1980s and 90s fashions were all over London Fashion Week, and even the Beeb is getting in on it. Kirstin Innes thinks she smells revolution
This week’s shopping pages were inspired by Margaret Thatcher. Bear with us, here. This is not a dubious excuse to tie the current vogue for padded shoulders back into some monstrous 1980s power-dressing aesthetic, as fashion editors always do whenever designer goes for the pussy bow’n’pencil skirt fad. Nor are we suggesting that a return to that lady’s politics is a feasible suggestion. We’ve actually been inspired by the telly. Lindsay Duncan’s sterling turn in the BBC documentary Margaret, backed up by a cabinet of lookylikey Hurds and Lawsons and Clarkes (oh my!), left us feeling nostalgic for a time when baddies were baddies, goodies were goodies, and people didn’t feel so apathetic about politics. In fact, they wore their politics all over their clothes. Designer Katharine Hamnett (pictured, above), with the Iron Lady’s sloganeering T-shirts led the way for accessible, cheap and public rebellion; Spitting Image let the people know who the enemy was, and how to protest. People were much more engaged.
At The List, we’ve been predicting a revival of late 1980s–early 1990s fashion ever since ‘recession’ replaced ‘credit crunch’ as the newscasters’ buzz word. First of all, consumers historically veer towards brighter, cheaper, recycled clothes during economic downturns; secondly, as this is something that is going to affect all of us, even the most apathetic couch potato is going to have to get political. We hope. We hope.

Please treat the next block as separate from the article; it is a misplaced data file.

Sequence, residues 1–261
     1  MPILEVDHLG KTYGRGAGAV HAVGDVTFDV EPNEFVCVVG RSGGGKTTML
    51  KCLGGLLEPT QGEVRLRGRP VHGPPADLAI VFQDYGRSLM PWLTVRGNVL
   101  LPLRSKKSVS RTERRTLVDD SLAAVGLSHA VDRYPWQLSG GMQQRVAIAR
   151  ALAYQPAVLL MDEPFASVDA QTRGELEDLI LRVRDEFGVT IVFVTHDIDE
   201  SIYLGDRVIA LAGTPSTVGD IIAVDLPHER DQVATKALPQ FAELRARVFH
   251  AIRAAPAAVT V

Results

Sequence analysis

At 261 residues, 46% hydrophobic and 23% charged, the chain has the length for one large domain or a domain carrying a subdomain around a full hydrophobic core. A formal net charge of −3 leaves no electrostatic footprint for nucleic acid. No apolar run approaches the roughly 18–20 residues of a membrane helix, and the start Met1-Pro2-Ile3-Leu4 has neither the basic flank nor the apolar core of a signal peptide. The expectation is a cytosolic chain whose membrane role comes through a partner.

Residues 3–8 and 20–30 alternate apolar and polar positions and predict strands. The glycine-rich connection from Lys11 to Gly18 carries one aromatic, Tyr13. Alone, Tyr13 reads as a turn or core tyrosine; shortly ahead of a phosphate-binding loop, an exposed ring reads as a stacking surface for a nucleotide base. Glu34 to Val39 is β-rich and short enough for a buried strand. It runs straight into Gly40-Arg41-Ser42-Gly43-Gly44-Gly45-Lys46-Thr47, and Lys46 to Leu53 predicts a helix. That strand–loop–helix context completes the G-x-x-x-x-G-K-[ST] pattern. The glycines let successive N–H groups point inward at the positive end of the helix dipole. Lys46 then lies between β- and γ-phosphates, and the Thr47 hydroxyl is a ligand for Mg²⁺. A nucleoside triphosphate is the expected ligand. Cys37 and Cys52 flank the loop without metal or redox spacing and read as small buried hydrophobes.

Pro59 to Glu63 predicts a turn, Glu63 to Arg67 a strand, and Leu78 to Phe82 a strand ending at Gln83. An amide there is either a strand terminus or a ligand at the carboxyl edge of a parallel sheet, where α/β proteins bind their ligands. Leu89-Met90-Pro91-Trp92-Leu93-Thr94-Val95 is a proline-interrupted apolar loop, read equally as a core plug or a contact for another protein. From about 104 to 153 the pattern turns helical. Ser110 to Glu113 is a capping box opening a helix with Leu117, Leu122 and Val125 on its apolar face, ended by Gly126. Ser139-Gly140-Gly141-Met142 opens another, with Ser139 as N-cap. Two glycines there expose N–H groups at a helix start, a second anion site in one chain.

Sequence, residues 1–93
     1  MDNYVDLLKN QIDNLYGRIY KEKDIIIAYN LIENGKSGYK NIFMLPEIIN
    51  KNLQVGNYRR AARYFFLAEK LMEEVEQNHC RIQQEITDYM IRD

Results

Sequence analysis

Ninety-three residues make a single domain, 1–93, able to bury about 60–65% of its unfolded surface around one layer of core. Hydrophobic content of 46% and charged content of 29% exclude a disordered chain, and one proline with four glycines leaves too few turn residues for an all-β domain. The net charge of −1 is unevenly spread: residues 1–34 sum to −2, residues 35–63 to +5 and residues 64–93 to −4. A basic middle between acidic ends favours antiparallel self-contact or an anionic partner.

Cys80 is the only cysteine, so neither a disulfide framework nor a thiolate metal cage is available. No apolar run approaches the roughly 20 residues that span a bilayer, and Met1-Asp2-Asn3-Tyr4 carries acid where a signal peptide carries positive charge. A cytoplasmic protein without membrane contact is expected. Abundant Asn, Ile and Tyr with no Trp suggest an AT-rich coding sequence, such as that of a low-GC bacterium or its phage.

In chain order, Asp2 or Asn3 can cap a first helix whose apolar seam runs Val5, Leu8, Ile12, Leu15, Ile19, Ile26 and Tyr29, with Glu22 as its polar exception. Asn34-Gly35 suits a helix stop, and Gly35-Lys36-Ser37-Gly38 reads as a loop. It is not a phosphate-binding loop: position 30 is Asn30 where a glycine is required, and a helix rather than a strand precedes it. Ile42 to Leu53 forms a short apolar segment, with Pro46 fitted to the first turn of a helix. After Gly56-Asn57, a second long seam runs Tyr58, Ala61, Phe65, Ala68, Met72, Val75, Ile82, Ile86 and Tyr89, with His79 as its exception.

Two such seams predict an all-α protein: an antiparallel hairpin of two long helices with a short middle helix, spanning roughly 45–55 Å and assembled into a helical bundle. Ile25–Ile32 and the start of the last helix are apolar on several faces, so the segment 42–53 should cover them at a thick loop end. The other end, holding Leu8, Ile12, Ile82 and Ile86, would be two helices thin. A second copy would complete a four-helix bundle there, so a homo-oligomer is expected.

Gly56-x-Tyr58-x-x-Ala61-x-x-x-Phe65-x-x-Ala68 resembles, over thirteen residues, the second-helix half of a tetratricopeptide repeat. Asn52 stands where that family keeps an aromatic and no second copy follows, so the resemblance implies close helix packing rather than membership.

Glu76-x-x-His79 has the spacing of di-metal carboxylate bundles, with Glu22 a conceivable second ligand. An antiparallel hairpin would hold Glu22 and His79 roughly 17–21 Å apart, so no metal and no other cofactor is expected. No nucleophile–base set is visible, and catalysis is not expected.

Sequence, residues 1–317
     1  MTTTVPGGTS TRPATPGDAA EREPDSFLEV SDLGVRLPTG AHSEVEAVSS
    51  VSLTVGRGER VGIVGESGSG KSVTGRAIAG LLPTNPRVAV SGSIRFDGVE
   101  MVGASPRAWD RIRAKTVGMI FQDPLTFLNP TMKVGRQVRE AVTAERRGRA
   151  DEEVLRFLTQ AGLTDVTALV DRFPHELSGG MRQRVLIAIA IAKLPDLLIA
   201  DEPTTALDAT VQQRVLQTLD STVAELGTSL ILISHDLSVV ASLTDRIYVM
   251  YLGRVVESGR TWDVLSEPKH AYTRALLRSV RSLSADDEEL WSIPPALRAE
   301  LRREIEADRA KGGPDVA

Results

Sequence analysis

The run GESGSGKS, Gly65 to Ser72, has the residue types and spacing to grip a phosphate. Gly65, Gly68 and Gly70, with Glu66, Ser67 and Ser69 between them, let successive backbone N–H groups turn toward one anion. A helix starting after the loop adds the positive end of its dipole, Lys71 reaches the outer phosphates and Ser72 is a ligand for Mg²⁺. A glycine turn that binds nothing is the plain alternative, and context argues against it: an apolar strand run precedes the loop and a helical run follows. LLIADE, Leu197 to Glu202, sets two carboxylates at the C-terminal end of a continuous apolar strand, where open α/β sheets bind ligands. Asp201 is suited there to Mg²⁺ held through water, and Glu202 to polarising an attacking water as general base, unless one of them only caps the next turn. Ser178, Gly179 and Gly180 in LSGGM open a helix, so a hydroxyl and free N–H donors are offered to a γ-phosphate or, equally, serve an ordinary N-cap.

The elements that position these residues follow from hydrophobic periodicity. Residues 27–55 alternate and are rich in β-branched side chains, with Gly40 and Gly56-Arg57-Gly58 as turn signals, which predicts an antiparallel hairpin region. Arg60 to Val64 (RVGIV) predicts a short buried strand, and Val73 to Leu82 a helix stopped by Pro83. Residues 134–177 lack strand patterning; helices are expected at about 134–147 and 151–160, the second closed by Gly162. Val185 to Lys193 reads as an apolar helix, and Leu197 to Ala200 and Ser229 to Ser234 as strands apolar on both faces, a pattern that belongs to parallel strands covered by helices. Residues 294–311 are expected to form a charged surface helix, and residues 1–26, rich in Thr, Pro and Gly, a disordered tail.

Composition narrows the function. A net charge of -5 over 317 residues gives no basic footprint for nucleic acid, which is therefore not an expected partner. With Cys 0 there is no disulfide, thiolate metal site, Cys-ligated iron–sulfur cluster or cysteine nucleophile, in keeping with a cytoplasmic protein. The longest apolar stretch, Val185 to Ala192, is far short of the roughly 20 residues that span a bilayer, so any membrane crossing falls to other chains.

It’s not just us, either: as well as their Thatcher biopic, episode three of the BBC’s excellent supernatural drama Being Human was comprehensively nicked by Gilbert the mournful 1980s ghost, protest pin badges attached to his donkey jacket, Walkman blaring Smiths songs surgically attached to his ears. The very recent London Fashion Week bore us out, too: Marc Jacobs started it, with neon graffiti-splattered bikinis; however, just daubing ‘Louis Vuitton’ all over yourself is the very opposite to what we’re getting at. Much better was Luella Bartley’s attempt to revive the skin-tight leather, artful slashing and DIY aesthetic of late punk and early dance culture; her models wore Mohawks, dyed their fringes with cheap neon paint, and walked with attitude.